IT has been over two years since the Indian government revoked important constitutional provisions under Article 370 and Article 35A with the approval of the Indian parliament. While Pakistan and its people have been vociferous in their condemnation of the illegality of the action taken by the Indian government, there is a need for a better legal understanding of the issues involved.

Article 370 of the Indian constitution granted the right to hold special status and limited autonomy to occupied Jammu and Kashmir, while Article 35A granted authority to the state to define ‘permanent resident’ and provide special rights which included employment to the people of the occupied state.

After the revocation of the said articles, the occupied valley has been divided into two states and these states are now under the control of New Delhi. Many legal experts have raised questions on the validity of this move. They assert that it is an illegal move to change the ‘Constituent Assembly’ into a ‘Legislative Assembly’ by using the governor as the proxy.

Since the valley got special status in India, the courts have declared in various cases that Article 370 is permanent. The presidential order regarding the revocation of the articles was only restricted to Article 370(i) of the Indian constitution which deals with interpretation and guidelines of the constitution with reference to the General Causes Act, subject to adaptation and modification made under Article 372. In short, besides the scope of Article 370(i), Articles 367 and 372 of the Indian constitution also need to be examined.

Article 370 has been explained into three sub-clauses. The sub-clause (i)a states that Article 238 of the Indian constitution will not be enforced on Jammu and Kashmir, whereas sub-clause (i)b clarifies that the power of law-making by parliament, which comes under Article 370, is limited to the union list and the concurrent list, which means the consent of the government of Jammu and Kashmir is essential with reference to the matters mentioned in the instrument of accession.

The Article and sub-clauses 371(i) (b) (ii) state that matters that are not mentioned in the instrument of accession will be dealt with in consultation and with the consent of Jammu and Kashmir. For all the powers mentioned above, there are requirements of consent of the government of Jammu and Kashmir which are outside the scope of the accession instrument. Therefore, for issuing any proclamation or making any law, there is a need for consent of Jammu and Kashmir, and no presidential order is possible without such consent.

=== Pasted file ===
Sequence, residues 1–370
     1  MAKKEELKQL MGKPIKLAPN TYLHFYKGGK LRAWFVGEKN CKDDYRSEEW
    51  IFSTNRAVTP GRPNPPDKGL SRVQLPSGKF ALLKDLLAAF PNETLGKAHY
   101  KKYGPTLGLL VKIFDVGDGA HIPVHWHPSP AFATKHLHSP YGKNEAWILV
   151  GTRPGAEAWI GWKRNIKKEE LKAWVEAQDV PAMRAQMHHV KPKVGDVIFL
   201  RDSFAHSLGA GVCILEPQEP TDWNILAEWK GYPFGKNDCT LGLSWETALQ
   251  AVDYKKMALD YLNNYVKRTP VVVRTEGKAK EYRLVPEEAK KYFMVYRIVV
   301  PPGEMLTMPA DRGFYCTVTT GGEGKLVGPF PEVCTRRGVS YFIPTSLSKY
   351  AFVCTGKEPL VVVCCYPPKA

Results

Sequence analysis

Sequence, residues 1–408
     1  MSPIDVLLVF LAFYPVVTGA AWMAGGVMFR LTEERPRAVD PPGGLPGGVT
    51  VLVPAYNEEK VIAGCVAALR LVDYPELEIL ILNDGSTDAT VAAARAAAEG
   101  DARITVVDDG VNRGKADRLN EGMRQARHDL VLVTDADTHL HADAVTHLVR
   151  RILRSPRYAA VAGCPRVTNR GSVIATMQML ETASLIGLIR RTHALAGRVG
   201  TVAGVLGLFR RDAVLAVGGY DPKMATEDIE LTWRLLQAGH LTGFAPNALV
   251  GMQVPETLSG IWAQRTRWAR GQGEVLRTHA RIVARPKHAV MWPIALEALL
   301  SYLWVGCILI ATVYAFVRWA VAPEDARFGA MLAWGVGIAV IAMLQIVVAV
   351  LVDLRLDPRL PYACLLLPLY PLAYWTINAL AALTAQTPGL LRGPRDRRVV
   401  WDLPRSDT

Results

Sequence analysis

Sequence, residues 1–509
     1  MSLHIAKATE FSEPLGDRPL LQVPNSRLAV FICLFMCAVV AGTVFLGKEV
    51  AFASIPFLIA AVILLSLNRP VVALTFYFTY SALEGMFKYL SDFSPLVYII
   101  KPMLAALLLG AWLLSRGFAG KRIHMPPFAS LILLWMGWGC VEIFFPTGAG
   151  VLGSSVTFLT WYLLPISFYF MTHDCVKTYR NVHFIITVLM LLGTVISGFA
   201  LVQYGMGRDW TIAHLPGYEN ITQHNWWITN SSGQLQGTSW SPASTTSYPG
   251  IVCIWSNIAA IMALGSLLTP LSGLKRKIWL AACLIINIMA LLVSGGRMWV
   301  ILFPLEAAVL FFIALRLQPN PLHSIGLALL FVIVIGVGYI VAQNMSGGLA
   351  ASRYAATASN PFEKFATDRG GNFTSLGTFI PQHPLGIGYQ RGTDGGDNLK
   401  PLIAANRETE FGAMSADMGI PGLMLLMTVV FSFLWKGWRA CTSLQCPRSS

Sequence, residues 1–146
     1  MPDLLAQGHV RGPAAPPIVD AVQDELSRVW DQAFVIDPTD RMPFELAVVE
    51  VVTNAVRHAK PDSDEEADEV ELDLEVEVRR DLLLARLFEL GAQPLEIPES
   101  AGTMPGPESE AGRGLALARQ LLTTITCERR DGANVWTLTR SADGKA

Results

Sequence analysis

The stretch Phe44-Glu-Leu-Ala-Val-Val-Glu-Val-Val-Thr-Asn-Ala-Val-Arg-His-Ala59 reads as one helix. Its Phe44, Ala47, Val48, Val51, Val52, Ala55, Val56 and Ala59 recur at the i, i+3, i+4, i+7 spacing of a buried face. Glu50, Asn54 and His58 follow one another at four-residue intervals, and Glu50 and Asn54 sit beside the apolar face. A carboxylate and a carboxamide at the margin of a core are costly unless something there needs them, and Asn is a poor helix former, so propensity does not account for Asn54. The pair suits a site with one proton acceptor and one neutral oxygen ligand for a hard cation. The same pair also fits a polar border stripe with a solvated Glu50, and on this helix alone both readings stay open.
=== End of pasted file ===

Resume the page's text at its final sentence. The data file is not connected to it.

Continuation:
Article 370(3) deals with powers given to the president for issuing a notification about whether or not Article 370 will apply. But it can only be done with the consent and recommendation of the Constituent Assembly. Some people argue over whether Article 370 is temporary or permanent. In the real sense, it makes no difference as the procedure that was followed for the changes is only with reference to Article 370.

Basically, when the accession instrument was formed, it was believed by the people that it would work for three years. But now, almost 70 years have passed and the instrument of accession is still workable. At present, there is no contradiction in the procedure relating to the abrogation of Article 370.

The president has no power to amend the clause in Article 370 without the recommendation of the government of Jammu and Kashmir. Therefore, the presidential order of Aug 5, 2019, was, and remains, illegal and ultra vires. If the presidential order fails on this ground, the subsequent act passed by parliament will also fail as it is against the Indian constitution and constitutional morality as well as a mala fide exercise of power.

Mujeeb-ur-Rahman
Karachi

Published in Dawn, October 22nd, 2021

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